FHFA: GSE servicers must keep fair lending data

The regulator and conservator of the GSEs previously required lenders to furnish language preference data

In a move the Federal Housing Finance Agency said will bolster sustainability and equity, servicers for federally backed loans will obtain and maintain fair lending data.

Starting March 1, 2023, servicers will be required to maintain data on borrowers’ age, race, ethnicity, gender and preferred language. The data will stay with the loan throughout the mortgage term, regardless of whether the servicing rights change hands.

“The need for collection and maintenance of quality fair lending data is a lesson learned from the foreclosure crisis and COVID-19 response,” said FHFA Director Sandra Thompson. “Having fair lending data travel with servicing will help servicers do the important work of providing assistance to borrowers in need, helping to further a sustainable and equitable housing finance system.”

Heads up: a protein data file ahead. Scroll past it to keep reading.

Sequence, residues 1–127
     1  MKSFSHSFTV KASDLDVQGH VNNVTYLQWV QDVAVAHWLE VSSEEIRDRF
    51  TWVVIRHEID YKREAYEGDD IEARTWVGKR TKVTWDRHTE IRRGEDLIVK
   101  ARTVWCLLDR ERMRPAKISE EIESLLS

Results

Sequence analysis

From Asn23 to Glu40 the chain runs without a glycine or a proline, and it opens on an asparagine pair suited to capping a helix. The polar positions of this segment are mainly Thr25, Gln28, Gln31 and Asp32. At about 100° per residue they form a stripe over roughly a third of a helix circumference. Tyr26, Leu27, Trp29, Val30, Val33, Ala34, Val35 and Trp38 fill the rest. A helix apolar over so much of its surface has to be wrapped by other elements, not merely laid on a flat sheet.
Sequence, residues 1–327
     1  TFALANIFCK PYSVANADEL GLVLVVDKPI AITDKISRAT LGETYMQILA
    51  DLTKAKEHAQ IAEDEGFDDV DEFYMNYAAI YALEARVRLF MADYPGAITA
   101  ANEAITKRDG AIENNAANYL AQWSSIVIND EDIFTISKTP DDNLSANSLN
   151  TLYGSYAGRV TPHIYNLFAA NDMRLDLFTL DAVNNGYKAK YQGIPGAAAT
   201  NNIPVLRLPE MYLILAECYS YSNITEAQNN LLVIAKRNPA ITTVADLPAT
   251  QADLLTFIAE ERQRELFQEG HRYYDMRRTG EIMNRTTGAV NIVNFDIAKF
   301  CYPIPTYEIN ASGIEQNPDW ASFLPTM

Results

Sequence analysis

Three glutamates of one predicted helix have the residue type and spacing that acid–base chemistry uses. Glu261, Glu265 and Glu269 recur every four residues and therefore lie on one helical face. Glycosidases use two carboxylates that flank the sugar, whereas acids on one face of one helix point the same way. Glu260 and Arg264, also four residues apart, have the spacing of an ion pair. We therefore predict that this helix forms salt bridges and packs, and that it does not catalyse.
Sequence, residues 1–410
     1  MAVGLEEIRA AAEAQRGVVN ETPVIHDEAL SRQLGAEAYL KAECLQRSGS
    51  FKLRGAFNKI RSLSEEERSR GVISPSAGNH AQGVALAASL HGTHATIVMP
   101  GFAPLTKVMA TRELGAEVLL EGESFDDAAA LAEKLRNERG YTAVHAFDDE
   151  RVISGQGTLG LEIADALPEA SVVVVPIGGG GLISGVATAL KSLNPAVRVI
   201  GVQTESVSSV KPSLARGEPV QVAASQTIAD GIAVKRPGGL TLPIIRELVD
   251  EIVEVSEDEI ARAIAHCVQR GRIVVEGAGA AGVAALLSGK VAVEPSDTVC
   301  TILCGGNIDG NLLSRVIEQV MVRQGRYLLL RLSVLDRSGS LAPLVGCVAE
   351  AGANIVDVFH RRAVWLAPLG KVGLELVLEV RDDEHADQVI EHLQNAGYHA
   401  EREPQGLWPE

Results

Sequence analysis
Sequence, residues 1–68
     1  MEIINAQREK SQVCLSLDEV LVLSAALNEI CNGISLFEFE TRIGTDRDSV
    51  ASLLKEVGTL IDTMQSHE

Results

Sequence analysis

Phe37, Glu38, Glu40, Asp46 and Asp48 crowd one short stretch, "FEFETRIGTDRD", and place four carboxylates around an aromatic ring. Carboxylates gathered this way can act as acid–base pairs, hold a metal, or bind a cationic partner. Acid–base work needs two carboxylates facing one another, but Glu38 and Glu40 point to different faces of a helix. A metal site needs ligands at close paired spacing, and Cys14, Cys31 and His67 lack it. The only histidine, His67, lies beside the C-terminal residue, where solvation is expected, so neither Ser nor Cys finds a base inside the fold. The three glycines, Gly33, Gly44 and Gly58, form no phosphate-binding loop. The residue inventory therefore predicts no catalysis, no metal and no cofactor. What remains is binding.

Servicers can implement the change immediately, but are not required to do so until next year.

According to Fannie Mae and Freddie Mac’s updated servicing guides, the data must be in a format that is “queryable.” Servicers transferring the servicing rights must deliver the data to the new servicer. The new servicer is not required to update the data points, but must store it to be able to deliver the data in subsequent transfers.

The policy change does not apply to reverse mortgages, according to Fannie Mae’s guidance for servicers.

What will servicing look like in 2022?

Communication, borrower education and training of consumer-facing staff are all critical elements to ensure your servicing operation is properly prepared to help borrowers as they exit forbearance plans.

Presented by: Selene Finance

The requirement echoes a similar requirement for lenders selling loans to the GSEs. The FHFA said earlier this year that conventional mortgage lenders must collect data on language preference and housing counseling starting in March 2023.

That development prompted concern from legal experts that the information could be used as a basis for fair lending lawsuits. In August 2021, Cadence Bank settled allegations of redlining which stemmed, in part, from the bank’s loan officers’ lack of Spanish language skills.

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